If You Leave Me: A Novel
Crystal Hannah Kim’s celebrated debut novel can either be read as a tragic love story, in the tradition of Romeo and Juliet, or as a feminist parable of a woman victimized by the Korean war, or even, perhaps, as a symbolic embodiment of Korea itself in the form of a rustic nature goddess broken in two by a pair of male cousins engaged in a violent struggle for her affection.
Divided by key dates, places, and changing narrators, the novel opens in 1951, in Buson, focused on a threesome of high school refugees, two boys, Yun Jisoo and Yun Kyunghwan, and the girl they’re vying for, Haemi—a spirited 16-year-old beauty whom we first meet scrounging for food in the sparse, makeshift town market.
Jisoo, the “manly” enlisted soldier, and better-off cousin, is favored by Haemi’s mother for bringing food to the family when he comes courting. Kyunghwan, on the other hand, is academically smarter and handsomer, but, being from the poor side of Jisoo’s family, and a draft-avoider, to boot, lacks the resources and “manliness” of his rival. As romances go, however, it is of course Kyunghwan, the handsome narcissist, who captures Haemi’s heart.
Hovering over the domestic drama is the perpetual shadow of the war: armies from the North, the South, the United States—posing an ever-present danger to women, who are frequently raped and murdered by soldiers from every side of the conflict.
While centered on Haemi, the narration skips among the three protagonists in this love triangle, providing three different versions of the backstory. To Kyunghwan, his rival, the “Seoul-born” city boy, Jisoo, is filled with contempt for the rural life he and Haemi share. For his part, Jisoo readily admits to his overriding desire to return to the city. And, unlike his caddish, cowardly cousin, is, at this stage of the novel, at least, presented as generous, strong, and courageous.
What the two rival cousins do share, however, is the shame Koreans endured under the Japanese, and all the ensuing foreign invasions . . . “How we were perpetually hungry, how we weren’t even allowed to speak our own tongue. We had no power in this fight, either. We were pawns, tossed around by Japan, then the Soviets and the United States.”
Like the cousins, Korea is depicted as a society riven by invaders, but even worse than those coming from the outside are the interfamilial hatreds that keep the two Koreas in a state of war-readiness to this very day.
Kyunghwan dismisses Jisoo’s courtship of Haemi as “a distraction,” using this as an excuse for abandoning her abruptly, with no explanation, at several points in the story. But Jisoo remains unfalteringly loyal, to both his country and his love, so that by 1952, he is married to Haemi and on his way to fight.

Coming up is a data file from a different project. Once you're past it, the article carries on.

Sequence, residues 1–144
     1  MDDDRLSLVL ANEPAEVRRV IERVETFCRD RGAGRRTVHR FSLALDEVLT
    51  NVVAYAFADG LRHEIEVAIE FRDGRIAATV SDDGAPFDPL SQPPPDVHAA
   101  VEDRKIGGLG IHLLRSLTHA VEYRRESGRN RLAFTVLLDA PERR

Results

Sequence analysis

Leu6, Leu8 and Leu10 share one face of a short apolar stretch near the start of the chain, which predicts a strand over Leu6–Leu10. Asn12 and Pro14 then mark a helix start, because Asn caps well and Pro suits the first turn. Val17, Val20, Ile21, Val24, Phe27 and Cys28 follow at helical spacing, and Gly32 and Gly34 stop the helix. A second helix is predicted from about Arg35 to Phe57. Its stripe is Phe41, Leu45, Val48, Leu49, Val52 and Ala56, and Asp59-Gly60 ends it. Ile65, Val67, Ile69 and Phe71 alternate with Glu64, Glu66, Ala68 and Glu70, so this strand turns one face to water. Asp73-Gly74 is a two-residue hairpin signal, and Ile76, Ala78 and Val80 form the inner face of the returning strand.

Before his departure, however, he uses his connections to ensure that Haemi and her family are safe by getting the women jobs in the army hospital laundry. But Haemi isn’t contented to be a washerwoman, and she talks her way into helping the nurses at the hospital. In keeping with her symbolic role as “healer,” and refusing to make distinctions between “enemies” or “soldiers” or “innocents,” she soothes the injured and tends to the dying equally.
Even in the hospital, however, women are not safe. They are raped or become prostitutes, or are, unfairly, blamed for affairs with married male staff doctors initiated by the men.
Nonetheless, Haemi and her mother remain safe until Jisoo, who wounded, has lost the use of his right arm, returns home. At this point, the story turns on its head: Jisoo, now becomes the villainous, cruel husband; Haemi, no longer spunky and independent, is his victim; and Kyunghwan, working as a garbage collector in Seoul to pay his way into college, is the hero. Not quite as sure-footed as when she is dealing with the vagaries of village life and youth during the war, Kim now resorts to an extended romantic trope by reversing the roles of the two rivals. Inevitably, Haemi becomes the victim of both men.
The final words belong to Kyunghwan, now an entrepreneur doing business with Japan, as he contemplates the fate of an “orphaned,” newly industrialized and Americanized Korea that sheds its past and strides into its giddy materialist future.